‘North’s voice will be heard’ - Harrogate’s MP on transport role
Harrogate’s MP Andrew Jones has said he will ensure the North’s voice is heard after he was appointed a junior minister for the Department of Transport today.
The MP for Harrogate and Knaresborough said he was very excited and ‘very much looking forward’ to tackling his new role as Parliamentary Under Secretary of State in the Department of Transport.
He said: “This is a national role but I do think we haven’t had our fair share of investment in the North and I will make sure the voice from the North is heard much more fully in future.”
Mr Jones will work alongside The Rt Hon Patrick McLoughlin MP who will continue his role as Secretary of State for Transport.
The Conservative MP was re-elected to the Harrogate and Knaresborough seat last week, increasing his majority by 15,332 votes as constituents deserted the Lib Dems in their droves.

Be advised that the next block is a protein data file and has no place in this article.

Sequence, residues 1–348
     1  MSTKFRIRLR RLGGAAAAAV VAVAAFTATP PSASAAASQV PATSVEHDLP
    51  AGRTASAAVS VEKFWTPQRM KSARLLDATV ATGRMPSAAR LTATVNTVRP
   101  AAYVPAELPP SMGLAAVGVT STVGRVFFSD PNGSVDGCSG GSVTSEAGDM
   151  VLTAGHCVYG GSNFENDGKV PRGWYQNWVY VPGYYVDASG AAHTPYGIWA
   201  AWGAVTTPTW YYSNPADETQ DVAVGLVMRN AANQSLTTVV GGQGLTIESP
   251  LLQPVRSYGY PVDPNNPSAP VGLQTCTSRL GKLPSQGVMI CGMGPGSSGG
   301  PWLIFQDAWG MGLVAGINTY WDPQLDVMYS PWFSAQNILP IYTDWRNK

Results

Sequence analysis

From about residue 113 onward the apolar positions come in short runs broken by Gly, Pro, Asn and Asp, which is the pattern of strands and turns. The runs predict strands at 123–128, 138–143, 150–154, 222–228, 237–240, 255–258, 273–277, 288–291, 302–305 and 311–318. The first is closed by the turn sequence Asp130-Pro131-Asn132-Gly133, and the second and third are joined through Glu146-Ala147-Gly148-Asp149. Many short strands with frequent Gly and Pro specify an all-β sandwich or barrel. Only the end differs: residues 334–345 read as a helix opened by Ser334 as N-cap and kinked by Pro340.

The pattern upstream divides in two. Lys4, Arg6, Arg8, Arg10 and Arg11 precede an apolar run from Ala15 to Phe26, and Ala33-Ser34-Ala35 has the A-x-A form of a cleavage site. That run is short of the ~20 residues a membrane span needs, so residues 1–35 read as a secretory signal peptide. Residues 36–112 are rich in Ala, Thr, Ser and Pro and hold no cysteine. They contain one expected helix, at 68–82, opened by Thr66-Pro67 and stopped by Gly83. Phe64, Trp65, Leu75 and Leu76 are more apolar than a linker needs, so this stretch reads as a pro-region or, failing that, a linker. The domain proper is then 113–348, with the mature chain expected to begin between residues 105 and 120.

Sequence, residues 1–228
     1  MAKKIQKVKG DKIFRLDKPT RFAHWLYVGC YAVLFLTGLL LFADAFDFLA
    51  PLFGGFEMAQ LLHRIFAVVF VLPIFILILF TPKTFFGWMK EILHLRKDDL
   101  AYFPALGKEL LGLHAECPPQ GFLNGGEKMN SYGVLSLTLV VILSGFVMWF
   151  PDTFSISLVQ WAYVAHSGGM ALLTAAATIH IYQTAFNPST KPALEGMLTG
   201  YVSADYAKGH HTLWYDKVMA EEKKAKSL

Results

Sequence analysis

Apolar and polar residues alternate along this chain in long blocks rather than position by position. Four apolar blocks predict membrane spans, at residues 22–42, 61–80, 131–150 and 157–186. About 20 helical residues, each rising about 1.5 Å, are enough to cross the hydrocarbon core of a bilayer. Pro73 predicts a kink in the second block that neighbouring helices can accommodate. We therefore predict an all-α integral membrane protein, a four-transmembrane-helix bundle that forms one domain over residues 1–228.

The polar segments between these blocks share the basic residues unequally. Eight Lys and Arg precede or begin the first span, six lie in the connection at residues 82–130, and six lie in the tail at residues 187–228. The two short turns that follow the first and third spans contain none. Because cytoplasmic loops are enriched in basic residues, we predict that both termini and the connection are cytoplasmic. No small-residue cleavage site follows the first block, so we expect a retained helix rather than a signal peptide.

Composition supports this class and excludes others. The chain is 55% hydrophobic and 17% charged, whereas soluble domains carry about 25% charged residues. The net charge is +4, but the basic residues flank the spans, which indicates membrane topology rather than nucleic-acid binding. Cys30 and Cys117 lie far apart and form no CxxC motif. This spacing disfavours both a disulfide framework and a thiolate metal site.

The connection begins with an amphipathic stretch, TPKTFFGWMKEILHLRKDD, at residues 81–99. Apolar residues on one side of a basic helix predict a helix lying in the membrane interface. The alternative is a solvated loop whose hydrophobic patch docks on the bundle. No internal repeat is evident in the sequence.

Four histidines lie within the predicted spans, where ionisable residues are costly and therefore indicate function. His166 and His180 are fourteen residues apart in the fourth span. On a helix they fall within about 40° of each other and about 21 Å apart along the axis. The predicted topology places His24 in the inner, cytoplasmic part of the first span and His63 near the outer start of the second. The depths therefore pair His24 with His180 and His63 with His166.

Prime Minister, David Cameron called Mr Jones into a meeting at 10 Downing Street and asked him if he would take on the ministerial role.
Mr Jones said: “You can’t expect things like this, it is not your gift and it is a great honour.”
The Harrogate MP, was formerly a Parliamentary Private Secretary in the department and chaired the northern rail electrification task force, which concluded that the Leeds-Harrogate-York line should be a top priority for electrification earlier this years.
He said: “These roles demonstrated my interest in the subject of transport. I view the whole Department of Transport as having an economic role, investment in transport helps to encourage economic growth, as well as impacting on the quality of life for people.”
Despite his new role, Mr Jones who was first elected in 2010, insists his role as a ‘constituency champion’ will not change.
“Work as a constituency MP never changed and is always the most important,” he said.
Mr Jones is the first Harrogate MP to hold a Government role for over 50 years, since Conservative James Ramsden was the final ever Secretary of State of War from 1963 to 1964.